Sermon for Mattins on the Festival of St Luke the Evangelist, 18th October 2015
2 Timothy 4:5-15, Luke 10:1-9

What is it to be a doctor? St Luke the Evangelist, whom we are commemorating today, was a doctor: ‘the beloved physician’, ιατρός αγαπητός, according to St Paul in his Letter to the Colossians, [4:14].

He was the author of the Gospel that bears his name, and it looks as though he was the author of the Acts of the Apostles too. Both books are addressed to somebody called Theophilus. It’s quite clear from the beginning of the first chapter of Acts that it is a continuation of the story which was told in Luke’s Gospel. If you look at Acts chapter 16, you’ll see that, all of a sudden, the narrative changes from third-person, ‘they’ did this, that and the other, to ‘we’ did this, that and the other; so it’s pretty clear that Luke was one of the people who actually went around with St Paul.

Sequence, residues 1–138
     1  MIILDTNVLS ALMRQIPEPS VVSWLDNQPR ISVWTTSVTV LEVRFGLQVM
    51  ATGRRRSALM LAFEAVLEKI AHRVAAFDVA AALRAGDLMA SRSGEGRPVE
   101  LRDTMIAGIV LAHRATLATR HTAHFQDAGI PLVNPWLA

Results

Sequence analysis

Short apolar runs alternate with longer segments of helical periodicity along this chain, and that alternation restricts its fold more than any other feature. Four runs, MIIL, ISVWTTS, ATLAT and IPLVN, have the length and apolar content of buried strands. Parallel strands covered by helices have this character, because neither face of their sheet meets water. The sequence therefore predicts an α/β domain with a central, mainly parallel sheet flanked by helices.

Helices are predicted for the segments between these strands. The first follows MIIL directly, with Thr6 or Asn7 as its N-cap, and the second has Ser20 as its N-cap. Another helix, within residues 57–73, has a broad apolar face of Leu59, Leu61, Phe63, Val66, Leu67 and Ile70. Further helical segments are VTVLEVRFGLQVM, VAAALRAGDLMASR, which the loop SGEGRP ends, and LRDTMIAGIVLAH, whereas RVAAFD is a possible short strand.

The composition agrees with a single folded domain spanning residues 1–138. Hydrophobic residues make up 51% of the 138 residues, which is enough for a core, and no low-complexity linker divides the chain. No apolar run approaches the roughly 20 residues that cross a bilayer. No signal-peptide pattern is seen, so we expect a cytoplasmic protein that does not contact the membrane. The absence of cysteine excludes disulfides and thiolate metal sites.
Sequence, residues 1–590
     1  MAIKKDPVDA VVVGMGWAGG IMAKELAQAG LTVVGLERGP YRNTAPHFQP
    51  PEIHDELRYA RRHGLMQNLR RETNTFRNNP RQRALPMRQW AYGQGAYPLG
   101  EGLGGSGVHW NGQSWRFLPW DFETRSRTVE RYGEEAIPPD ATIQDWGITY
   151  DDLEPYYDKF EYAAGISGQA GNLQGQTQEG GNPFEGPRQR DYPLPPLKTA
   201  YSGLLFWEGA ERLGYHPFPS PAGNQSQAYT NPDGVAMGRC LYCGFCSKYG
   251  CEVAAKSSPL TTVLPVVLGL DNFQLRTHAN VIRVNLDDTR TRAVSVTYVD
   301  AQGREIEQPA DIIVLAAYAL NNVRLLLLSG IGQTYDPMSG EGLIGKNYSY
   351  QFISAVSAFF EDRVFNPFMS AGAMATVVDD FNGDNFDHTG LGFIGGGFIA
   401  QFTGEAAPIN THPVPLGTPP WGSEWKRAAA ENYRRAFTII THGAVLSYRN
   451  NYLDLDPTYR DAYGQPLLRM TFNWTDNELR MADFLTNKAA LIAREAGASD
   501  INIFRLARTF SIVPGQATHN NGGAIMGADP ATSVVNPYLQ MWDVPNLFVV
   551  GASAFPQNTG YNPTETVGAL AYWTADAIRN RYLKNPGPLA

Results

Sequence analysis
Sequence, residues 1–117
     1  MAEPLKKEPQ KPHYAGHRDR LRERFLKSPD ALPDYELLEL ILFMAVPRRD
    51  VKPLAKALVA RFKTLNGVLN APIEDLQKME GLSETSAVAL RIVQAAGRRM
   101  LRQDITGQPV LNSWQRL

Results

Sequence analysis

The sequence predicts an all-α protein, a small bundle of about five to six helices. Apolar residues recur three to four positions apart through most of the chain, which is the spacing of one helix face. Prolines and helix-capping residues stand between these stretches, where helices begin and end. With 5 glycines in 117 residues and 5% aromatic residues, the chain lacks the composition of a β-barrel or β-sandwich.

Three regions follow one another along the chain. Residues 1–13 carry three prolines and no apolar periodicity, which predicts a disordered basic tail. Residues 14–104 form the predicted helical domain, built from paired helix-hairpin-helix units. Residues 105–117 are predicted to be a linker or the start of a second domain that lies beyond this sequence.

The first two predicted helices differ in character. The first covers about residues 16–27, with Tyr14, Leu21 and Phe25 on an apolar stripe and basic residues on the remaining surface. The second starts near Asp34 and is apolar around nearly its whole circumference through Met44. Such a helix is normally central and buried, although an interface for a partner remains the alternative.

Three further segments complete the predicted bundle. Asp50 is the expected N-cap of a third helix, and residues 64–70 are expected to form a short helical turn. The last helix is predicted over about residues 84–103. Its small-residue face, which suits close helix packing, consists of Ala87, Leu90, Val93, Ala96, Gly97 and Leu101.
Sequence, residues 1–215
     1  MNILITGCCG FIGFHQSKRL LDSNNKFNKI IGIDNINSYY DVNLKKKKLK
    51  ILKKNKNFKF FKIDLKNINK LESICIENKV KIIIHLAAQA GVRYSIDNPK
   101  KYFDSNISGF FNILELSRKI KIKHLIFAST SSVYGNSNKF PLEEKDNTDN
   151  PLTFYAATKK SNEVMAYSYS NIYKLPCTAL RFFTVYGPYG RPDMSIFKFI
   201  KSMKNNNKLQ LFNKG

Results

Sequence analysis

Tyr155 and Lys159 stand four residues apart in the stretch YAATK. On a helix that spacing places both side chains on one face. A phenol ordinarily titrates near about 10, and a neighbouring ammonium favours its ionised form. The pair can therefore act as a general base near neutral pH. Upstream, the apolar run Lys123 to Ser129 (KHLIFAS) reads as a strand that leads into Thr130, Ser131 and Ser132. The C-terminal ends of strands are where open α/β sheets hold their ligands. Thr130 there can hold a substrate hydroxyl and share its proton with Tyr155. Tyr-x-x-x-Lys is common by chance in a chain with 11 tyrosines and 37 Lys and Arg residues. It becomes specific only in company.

My daughters, Emma and Alice, are both doctors. They’re probably not evangelists as well, like Luke was, but I think they would both say they had their hands pretty full, just being doctors.

This weekend doctors are in the news. My daughter Alice travelled up from Exeter in order to join yesterday’s demonstration in Parliament Square by thousands of so-called ‘junior’ doctors – because that is what she is. It’s a misleading description. ‘Junior’ doctor, in this context, means any doctor who is not a consultant or GP.